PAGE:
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Todd Rundgren - Todd Rundgren 2

  by Lisa Torem

published: 29 / 4 / 2013

Todd Rundgren - Todd Rundgren 2


.,.while in the second part she attends the gig

Friday night. 6:30 PM. At the Columbia College Music Center, a hearty soul dressed in a uniform shirt with the name “Rundgren” in bold letters on the back, stands in line surrounded by friends. He’s hugging a framed photograph, which shows Todd Rundgren standing on a ball field, with an arm around his professional shortstop son, Rex. He wanted desperately to give the shot to the older Rundgren tonight. “That’s what he really wants a picture of,” he said, matter-of-factly. “Not some rock concert shot.” Although the concert hall is smaller than expected, it turns out to be fantastic space for anyone lucky enough to attend the one-off event. Rundren’s got a change of clothes and attitude – shades and a dinner jacket. Color scheme – what else? Black. Watching him in the studio was fascinating but a little like watching any other professional who truly cares about his product: the fast food king of the kiosk, the efficient bagger at the supermarket or the discreet private eye at a forensics site. He was fully engrossed in his work and in serving his client. But now Rundgren looked relaxed and carefree, ready to face an atypical but eager audience. “This is a part of Chicago that I rarely get to – I’m more of an ‘uptown guy,” he confesses, surveying the anxious rows of parents and fans from the stage. “It’s been an inspirational week,” he added. And locking eyes with beaming parents, he said, “There’s a tremendous amount of talent in this little room.” With Pop Rock Ensemble: Showcase, he sang three selections including ‘Love is the Answer,’ written for his band Utopia and recorded on their 1977 album, ‘Oops! Wrong Planet’. “Name your price, A ticket to paradise, I can’t stay here anymore…” The students onstage added a keen luster and velvety tones to Rundgren’s classic, which soared to number ten on the Billboard Hot 100 in 1979 when covered by England Dan and John Ford Coley. Said Coley, “Of all the songs we released as singles, that was my favourite.” In an incredibly short amount of rehearsal time, students had developed striking choreographic moves, searing harmonies and heartfelt solos. Another golden moment happened when the next ensemble worked with the rocker on ‘I Saw the Light.’ The well-articulated minor seventh chords performed by an enthusiastic player highlighted the upbeat chorus. When a few minor technical difficulties occurred, the headliner joked: “After a couple weeks on the road, we’ll get this all figured out.” After a slew of searing ballads, Rundgren, grabbing the mic, declared. “We came to rock!” With the R & B Showcase, he performed the introspective ‘Parallel Lines’, an eloquent and heartfelt ballad about a crumbling relationship and the class smashing ‘Unloved Children’ from 1989’s ‘Nearly Human’, as well as his formidable signature ‘Hello It’s Me.’ The Pop Orchestra section also included selections from that album: the palpable ‘Feel It’ and the closer, the fierce ‘The Want of a Nail,’ which found the ensemble writhing with instrumental and choral call and response. Stephen Thomas Erlewine (Allmusic) said about that album: “Nearly Human’ finds Rundgren at the top of the game as a performer, producer and songwriter.” The songs selected really suited the talent pool onstage. There was plenty of opportunity for vocal call and response, throbbing brass arrangements as well as time to trade licks and exhibit showmanship. In suits and sequins, bow ties and heels, students paid rapt attention to subtle cues. Their keyboard solos, riff-heavy guitar and dreamy vocals made each song unique. With them, his classic material took on eloquent shades and, even though the repertoire was drawn from distinctly different eras, all dissolved into a contemporary focused extravaganza. That he had a relatively small stage area in which to roam, didn’t pose a problem. Rundgren’s onstage movements ranged from relatively hypnotic to catatonic. At times he appeared to be carrying on a private conversation, and other times his hands and arms melted into a vertigo-inducing mirage. Rundgren’s voice is as powerful and expressive now as when he first forged Nazz or experimented with Utopia. The only thing missing was an encore, but that might have been complicated with so many different ensembles focusing their energies on specific material and goals. When Rundgren used the word “bitchin’” to describe a ballad, a woman in one of the back rows, under her breath, made a clucking sound and sighed, “Isn’t he supposed to be a role model?” “Role model?” Who better to fit the bill? A father of three creative and hard-working sons, a producer whose CV is explosive and whose career never flailed or had to be resurrected. He’s known as a technological wizard and even comprehends the erratic pulse of a younger generation. He has embraced the beauty of the past, and retained an acute awareness of what makes a song exciting. I picked up my 12-year-old from school and threw ‘State’ into the player. I expected her to tune out, which is what she often does when I listen to my “old people’s music.” But after hearing a few bars of Rundgren’s evocative Sam Cooke-like falsetto against brash, aggressive bro-step beats, she smiled. “Hey, he’s a young guy. He must be about twenty, right? I like this.” “Oh, really? What makes you say that,” I said, suppressing a smile. “Yeah, his voice. He’s got a young voice. I like that cool beat, too, mom.” On the Skrillex inspired recording, Rundgren parodied the popular video game, ‘Angry Bird’, and explored the complexities of faith in ‘Something for Nothing,’ the sole song that included guest vocals – in this case, from the smoky Rachel Haden. The creative word play in ‘Ping Me’ could fill an urban dictionary. The ballad ‘Smoke’ is underscored by simmering philosophy and a heartfelt hunger for coming to terms with tough times. That said, Rundgren’s world collides effortlessly with a new generation on this recording and, clearly, with tonight’s student body. After the show, Rundgren signed albums and posed happily for photos. He even made that friendly guy’s day when he shook his free hand, and then liberated the family photo from his other one. It became increasingly clear that Rundgren made quite an impression on many fans as well as students. Chris Kaczmarek, 19, is getting his Bachelors of Music in Contemporary, Urban and Popular Music for Electric Bass. After graduation he hopes to gig frequently around the city and to enter into the session musician scene. He explained how the rock icon’s visit affected him. “I wasn’t too familiar with Todd’s work prior to him coming to Columbia, but I started listening to his work when I found out in December that I’d be working with him. My band mates and I were all incredibly excited when we learned we were working with him. To find out we would work with someone of that calibre was just such an incredible feeling. The band is called Upsin Hounds, and it’s part of a class at Columbia called Recording and Performance Ensemble (RPE). Upsin Hounds has been performing and writing material together since the beginning of the school year back in September. As for rehearsal time, we had a three-hour songwriting session with Todd the first day, and then spent about twelve hours with him in the studio over the course of the week.” “We had a one-hour sound check with him before the show, too. Todd also played with another one of my groups, Pop Orchestra. We spent about three hours throughout the week rehearsing as well as another one-hour sound check before the show.” “I was incredibly satisfied with the recording we did, I can honestly say it’s the best sounding recording that I have of my own work. Todd did an amazing job producing it. He’s the biggest producer we’ve ever worked with.” “He didn’t waste time in the studio. We got an amazing mix from him by the end of the twelve hours. He was really easy to work with because his ideas were great and his sound engineering skills were just phenomenal.” “One thing that really surprised me about him, though, was how much he opened up to us in the studio. He was very professional and strict during rehearsals for Pop Orchestra, but in the studio he was really nice and easy going, and treated us like friends. He taught us a lot about songwriting, focusing specifically on the lyrics and the words incorporated with them.” Kaczmarek’s favourite album is ‘The Ballad of Todd Rundgren’, because, he says, “the level of songwriting in that album was just so incredibly ahead of its time.” Joe Cerqua also detected transformations within the student body by the end of the week. “Todd isn’t as well known with 19 and 20-year-olds as he was back in the day so in the weeks before they have to start doing their homework – who this resident artist is who is coming in. There were a couple of bands that Todd walked into that first rehearsal and those songs already sounded great, and then it was just about him getting himself into the group and fine tuning some things: tempos, dynamics and things like that.” “Then there was another couple of groups where a lot of work had to be done in those rehearsals. Those are the groups that were transformed because it didn’t matter how far away the song was when he first walked in. Don’t get me wrong. Nothing sounded horrible. They can read a lot about the artist – there is a lot of stuff out there about Todd. But until he gets there, you just don’t know how the artist is actually going to interact with the students. My assistant kept saying to me that Todd got funnier and funnier as the day went on and he did - as he got more and more comfortable. The man has a great sense of humour. He is absolutely hysterical.” “But in those rehearsals, he was all business. He did not talk to them or in anyway treat them like they were students. He treated them like they were pros. It’s a pro gig. Here’s where we are with it. Here’s where it’s got to get. So those groups that had to do homework – I have to say that they did a really great job.” But besides being the man in charge of a growing, exhilarating program, Joe Cerqua can’t help but admit he’s a huge fan. When asked what the name Todd Rundgren triggers, he is quick to respond: “He’s one of the greatest and most prolific songwriters ever to live. And then, are there better albums out there than ‘Something Anything?’” “I have the album, I have the CD, I have the cassette…and then ‘Hello, It’s Me’ is probably one of my favourite songs in the world,” Cerqua exclaims. To further connect with fans, Rundgren will travel to Louisiana this spring for his annual Toddfest. There he’ll be barbecuing by the lake, hobnobbing with friends, old and new, and, of course, sharing music. He’ll also support ‘State’ by touring the U.S. and Europe. Or perhaps he will take the talented Upsin Hounds on the road – the final mix of ‘Rain Fall Blue’ was superb. If Todd Rundgren’s hectic schedule seems mind boggling, it’s not just your imagination. Seriously twenty-four hours per day seems inadequate for a Darby-raised crooner with a restless streak and a truckload of ideas. But then the adage “all’s fair” applies to love and war, not roving rock professors… Lisa Torem would like to express thanks to the following individuals for their help in this article: Rick Barnes, Joe Cerqua, Paul Crisanti, Christopher Kaczmarek and Gary Yerkins. The photographs that accompany this article were taken by Paul Crisanti, PhotoGetGo.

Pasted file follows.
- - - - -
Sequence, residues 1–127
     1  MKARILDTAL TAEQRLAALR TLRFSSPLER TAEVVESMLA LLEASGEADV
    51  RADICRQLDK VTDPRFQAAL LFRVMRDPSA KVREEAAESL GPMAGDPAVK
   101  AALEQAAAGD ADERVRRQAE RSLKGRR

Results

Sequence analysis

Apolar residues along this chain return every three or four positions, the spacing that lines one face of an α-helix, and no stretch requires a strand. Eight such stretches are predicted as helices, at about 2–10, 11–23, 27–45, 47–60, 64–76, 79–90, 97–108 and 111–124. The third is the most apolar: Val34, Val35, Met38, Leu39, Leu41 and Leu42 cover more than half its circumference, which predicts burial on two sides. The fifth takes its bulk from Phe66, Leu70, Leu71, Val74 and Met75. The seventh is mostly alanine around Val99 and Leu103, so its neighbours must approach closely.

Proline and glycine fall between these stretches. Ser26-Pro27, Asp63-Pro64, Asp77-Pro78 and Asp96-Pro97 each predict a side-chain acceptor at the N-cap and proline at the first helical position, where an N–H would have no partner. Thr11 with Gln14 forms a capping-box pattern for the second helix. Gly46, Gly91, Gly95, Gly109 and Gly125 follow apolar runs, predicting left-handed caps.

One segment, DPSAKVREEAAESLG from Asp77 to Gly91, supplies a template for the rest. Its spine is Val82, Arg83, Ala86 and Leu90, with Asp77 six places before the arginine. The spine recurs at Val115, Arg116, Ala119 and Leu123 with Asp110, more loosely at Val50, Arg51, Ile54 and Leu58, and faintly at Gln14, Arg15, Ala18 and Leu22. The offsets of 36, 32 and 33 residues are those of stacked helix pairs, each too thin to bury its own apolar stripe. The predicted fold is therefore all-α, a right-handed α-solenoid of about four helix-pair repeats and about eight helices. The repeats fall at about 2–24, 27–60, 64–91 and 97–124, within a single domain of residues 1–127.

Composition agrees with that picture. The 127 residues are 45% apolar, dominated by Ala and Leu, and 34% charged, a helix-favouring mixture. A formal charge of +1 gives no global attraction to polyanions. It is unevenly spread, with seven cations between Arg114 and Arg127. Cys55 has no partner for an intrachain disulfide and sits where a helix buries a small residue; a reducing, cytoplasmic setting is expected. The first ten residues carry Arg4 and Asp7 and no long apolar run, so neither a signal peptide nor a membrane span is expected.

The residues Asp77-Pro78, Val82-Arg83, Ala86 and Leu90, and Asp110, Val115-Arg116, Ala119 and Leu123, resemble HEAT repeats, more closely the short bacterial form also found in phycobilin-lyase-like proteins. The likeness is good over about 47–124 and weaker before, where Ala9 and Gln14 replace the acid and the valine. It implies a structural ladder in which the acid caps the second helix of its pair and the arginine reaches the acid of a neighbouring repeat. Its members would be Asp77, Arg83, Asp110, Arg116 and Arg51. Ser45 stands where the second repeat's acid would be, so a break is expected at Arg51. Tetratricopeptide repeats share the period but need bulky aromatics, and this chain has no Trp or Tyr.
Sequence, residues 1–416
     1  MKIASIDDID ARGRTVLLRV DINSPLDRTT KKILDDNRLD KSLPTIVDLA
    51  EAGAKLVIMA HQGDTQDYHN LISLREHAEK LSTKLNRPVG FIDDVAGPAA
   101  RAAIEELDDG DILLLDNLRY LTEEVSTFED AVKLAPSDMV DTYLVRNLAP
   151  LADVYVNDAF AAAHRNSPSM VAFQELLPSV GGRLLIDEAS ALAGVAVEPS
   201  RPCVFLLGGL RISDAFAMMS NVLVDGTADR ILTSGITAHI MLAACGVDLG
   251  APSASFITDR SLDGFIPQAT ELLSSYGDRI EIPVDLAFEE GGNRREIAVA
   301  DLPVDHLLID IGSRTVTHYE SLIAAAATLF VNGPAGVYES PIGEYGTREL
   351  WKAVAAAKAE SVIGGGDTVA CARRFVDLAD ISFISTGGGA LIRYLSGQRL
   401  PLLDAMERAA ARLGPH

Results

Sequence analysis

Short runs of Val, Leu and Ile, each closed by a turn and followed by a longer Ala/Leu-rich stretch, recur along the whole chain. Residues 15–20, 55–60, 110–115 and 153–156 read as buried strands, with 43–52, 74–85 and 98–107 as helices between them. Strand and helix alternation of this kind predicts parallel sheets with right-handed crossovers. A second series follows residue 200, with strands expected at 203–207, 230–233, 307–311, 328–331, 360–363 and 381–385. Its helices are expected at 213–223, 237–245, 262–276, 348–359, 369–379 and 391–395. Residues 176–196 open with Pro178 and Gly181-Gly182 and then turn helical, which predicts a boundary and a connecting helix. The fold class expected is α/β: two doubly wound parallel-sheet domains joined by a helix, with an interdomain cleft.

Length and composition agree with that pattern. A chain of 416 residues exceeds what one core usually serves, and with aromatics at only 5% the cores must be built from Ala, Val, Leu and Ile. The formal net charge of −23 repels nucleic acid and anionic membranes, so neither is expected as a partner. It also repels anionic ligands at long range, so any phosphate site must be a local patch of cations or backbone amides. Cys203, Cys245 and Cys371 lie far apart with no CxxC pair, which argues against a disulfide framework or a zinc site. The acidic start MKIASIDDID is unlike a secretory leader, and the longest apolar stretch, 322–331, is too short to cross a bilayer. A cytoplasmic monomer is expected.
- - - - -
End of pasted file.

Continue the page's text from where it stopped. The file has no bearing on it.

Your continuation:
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Todd Rundgren - Todd Rundgren 2

Todd Rundgren - Todd Rundgren 2

Todd Rundgren - Todd Rundgren 2

Todd Rundgren - Todd Rundgren 2

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Todd Rundgren 1 (2013)
Todd Rundgren - Todd Rundgren 1
Todd Rundgren recently spent a week at Columbia College in Chicago working with its music students both at a recording session and also on preparing for a show. In the first part of a two part profile Lisa Torem sits in on the recording session...
Todd Rundgren (2013)